Whitewater ducks and AI-generated selfies


Selfie Stock Image

Taylor Jacque, Assistant Lifestyle Editor

Does Whitewater have a duck problem? Whether you’re walking around the UW-Whitewater campus, buying four cases of Ramen at Wal-Mart, or socializing at a local bar you will spot them. These ducks are not of the orange webbed feet and feathers variety however, they are of the selfie enthusiast variety, what is commonly known as the “duck face”. The “duck face” isn’t the only variety of selfie species that are native to the Whitewater area either, look closely and you will see such majestic creatures as the “model pout”, “kissy face”, or “hair curtain”. While semi-bizarre to encounter from a distance, they are not a danger to the community. However, recently, a growing concern for the various “selfie species” themselves has been raised by several data privacy groups. 

In early December, the viral sensation of Lensa took the social media world by storm with its AI-generated “Magic Avatars”. Many selfie enthusiasts used the platform’s Neural Network Model – Stable Diffusion, to generate artsy selfies by uploading their photos to the app. Stable Diffusion is a deep learning image synthesis model used in a variety of applications to generate images. Similar AI-generated selfies tools are also available on Tik Tok as well. Taking pictures or selfies and uploading them to social media or sharing them on apps such as Tik Tok, Instagram, or BeReal have become commonplace in today’s world, especially amongst younger demographics. In fact, according to DataReportal.com, the (18-29) demographic accounts for 86% of users on Facebook and 67% on Instagram. Additionally, ages 15-35 account for 87% of SnapChat users, and a staggering 92.39% of TikTok users. 

Concern about these platforms’ use of images to train AI-models touches on several areas, however one important area is data privacy. The concern over what is being done with these images, the data that is being collected adjacent to them, how they are stored and how securely, or whether or not data is being sold to third parties are all topics of interest for data privacy advocates. These sensitive topics are not necessarily new news though, Lensa is just the most recent app to be subjected to public scrutiny over its data practices. UW-Whitewater Professor and Cybersecurity Program Coordinator, Dr. Zachary Oster, “It’s become standard practice, if you’re running a website to explain what data you’re collecting and how you’re going to be using it in a privacy policy.” However, a Deloitte survey found that 91% of users consent to legal terms and services conditions without reading them. In fact, for ages 18-34 the rate is 97%.

Is it really necessary to read the agreements though? What is the big deal? You have 40k of student loan debt, a pile of dirty laundry, and four cases of Ramen to your name. Is someone coming after your Ramen? (Lock up that Ramen!) So what if my data is being used to send me more ads for Starbucks Pumpkin Spice Lattes or the next blow out sale on Ramen? UW-Whitewater Junior, Abby Ross, who has used some of the AI-generated selfie apps, like many people, was not particularly concerned about the possibility of finding a few more promotional junk emails. “My real concern when it comes to social media is personal safety, which is why I don’t disclose my location, and all of my accounts are private”. It would appear as though most people are not overly concerned about the misuse of their data.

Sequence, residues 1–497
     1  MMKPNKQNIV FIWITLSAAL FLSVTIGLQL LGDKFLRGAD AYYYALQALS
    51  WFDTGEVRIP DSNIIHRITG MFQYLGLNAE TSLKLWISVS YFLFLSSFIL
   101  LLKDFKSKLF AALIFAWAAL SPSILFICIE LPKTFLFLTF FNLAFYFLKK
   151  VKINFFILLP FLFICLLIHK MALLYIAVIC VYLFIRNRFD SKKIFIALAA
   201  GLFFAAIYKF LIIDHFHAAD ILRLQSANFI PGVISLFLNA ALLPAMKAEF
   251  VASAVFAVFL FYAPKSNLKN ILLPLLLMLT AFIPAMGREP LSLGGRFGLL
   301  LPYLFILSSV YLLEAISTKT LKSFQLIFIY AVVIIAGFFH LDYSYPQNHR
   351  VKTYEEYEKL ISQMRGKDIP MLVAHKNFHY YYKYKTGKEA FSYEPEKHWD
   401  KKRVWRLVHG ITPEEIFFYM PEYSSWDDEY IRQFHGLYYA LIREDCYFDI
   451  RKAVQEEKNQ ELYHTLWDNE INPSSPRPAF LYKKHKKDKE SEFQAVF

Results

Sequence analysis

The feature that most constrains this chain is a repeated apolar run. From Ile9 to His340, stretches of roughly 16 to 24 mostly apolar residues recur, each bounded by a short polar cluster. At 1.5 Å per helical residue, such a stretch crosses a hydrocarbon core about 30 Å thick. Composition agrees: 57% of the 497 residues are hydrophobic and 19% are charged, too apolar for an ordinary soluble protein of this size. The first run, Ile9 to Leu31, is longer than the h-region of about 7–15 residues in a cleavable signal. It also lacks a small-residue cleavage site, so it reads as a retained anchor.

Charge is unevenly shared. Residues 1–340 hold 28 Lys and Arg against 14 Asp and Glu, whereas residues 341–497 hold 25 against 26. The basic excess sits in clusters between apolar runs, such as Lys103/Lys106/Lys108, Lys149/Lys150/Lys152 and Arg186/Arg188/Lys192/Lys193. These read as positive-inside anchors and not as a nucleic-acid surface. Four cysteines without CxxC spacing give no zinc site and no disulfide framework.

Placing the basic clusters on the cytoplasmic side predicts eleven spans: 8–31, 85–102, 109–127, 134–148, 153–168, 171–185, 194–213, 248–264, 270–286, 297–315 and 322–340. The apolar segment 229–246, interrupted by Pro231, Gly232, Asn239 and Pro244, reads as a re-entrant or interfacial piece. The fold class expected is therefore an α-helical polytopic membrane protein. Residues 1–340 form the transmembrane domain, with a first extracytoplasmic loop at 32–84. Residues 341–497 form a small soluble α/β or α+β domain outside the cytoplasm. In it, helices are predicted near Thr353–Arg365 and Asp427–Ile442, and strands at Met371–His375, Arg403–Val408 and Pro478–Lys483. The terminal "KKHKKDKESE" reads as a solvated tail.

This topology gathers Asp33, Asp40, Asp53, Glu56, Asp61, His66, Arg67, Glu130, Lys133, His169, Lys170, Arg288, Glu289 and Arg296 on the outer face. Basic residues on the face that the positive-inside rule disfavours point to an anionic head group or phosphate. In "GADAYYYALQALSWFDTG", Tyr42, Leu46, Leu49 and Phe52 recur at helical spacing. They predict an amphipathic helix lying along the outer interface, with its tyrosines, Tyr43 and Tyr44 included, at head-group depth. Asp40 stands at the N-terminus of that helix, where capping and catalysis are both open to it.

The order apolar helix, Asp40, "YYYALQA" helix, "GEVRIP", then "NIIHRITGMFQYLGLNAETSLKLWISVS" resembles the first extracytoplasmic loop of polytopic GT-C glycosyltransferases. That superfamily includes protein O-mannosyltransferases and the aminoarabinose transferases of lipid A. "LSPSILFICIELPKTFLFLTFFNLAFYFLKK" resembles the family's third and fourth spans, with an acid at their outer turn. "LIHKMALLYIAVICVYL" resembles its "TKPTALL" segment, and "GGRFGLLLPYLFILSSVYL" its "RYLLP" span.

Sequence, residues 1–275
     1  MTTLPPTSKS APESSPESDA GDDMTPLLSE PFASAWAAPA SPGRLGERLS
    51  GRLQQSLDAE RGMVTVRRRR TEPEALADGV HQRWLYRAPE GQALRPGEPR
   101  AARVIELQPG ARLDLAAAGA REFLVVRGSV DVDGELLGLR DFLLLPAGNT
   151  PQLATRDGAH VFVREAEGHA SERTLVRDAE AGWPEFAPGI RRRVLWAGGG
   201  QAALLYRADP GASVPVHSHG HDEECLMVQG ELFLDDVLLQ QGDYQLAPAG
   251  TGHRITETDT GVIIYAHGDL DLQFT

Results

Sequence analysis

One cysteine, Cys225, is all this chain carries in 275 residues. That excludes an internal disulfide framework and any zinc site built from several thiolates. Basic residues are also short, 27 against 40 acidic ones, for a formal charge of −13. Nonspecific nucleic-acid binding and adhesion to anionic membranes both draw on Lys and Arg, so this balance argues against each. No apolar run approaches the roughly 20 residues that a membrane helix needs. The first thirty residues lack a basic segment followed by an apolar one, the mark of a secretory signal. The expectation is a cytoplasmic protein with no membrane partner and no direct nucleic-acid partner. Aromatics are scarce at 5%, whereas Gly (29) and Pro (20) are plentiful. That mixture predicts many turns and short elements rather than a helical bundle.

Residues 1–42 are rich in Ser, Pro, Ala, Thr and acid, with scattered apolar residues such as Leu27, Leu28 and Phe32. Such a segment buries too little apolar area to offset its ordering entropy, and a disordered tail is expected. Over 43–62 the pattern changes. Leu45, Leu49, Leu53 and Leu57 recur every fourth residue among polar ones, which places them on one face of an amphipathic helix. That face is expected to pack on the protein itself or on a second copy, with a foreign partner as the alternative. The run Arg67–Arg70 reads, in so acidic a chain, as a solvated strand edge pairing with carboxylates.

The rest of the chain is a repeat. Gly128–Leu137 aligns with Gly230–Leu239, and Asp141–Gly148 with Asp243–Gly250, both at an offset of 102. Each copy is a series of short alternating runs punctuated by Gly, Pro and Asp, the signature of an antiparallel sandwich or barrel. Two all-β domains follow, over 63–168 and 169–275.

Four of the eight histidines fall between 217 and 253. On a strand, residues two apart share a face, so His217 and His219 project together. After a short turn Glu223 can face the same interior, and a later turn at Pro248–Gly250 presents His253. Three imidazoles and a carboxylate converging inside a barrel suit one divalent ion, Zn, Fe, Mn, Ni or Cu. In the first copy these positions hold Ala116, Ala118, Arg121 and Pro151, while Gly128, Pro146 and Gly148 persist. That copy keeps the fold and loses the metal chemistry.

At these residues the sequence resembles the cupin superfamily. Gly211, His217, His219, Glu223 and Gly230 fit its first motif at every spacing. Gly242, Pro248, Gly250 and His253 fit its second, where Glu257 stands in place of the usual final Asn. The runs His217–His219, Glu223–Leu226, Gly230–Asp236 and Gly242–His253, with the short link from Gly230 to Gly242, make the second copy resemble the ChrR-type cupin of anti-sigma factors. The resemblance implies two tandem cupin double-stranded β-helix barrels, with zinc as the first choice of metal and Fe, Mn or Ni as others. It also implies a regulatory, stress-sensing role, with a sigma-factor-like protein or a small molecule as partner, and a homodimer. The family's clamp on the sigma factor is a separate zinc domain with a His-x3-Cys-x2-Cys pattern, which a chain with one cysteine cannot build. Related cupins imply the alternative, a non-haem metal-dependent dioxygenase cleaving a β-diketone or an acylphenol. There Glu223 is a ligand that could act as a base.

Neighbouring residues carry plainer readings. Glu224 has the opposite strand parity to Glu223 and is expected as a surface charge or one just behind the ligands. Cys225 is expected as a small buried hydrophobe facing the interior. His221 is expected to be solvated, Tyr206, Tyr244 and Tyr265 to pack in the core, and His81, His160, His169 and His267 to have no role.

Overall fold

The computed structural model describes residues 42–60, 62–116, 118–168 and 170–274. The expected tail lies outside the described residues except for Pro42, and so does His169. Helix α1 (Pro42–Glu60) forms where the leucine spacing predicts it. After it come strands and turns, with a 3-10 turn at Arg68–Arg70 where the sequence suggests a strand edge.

However, Dr. Oster explained, “Any time you’re giving data to a website, a company, to another person even, you’re putting some trust in that person or company to handle your data responsibly.” Yet, it is not just that particular company either, as he explained,

“You have many companies who sell your data to other companies, which is the business model for many apps, especially free apps.” With such a large majority of social media users representing the same younger demographic which can’t be bothered to read a privacy agreement, is there potential for consequences to emerge later down the road? Commonly, you will hear students complain that school does not teach students practical life knowledge. To some, trigonometry is cute, however learning how to file taxes seems a more applicable life skill. The question then becomes are we at a point which topics concerning cyber security and privacy should also be considered a basic life skill that should be addressed by schools and parents? Dr. Oster believes we are, “We are at the point now where we should be teaching that [internet security and privacy] in schools because it has become a life skill.” #KeepOurDucksSafe.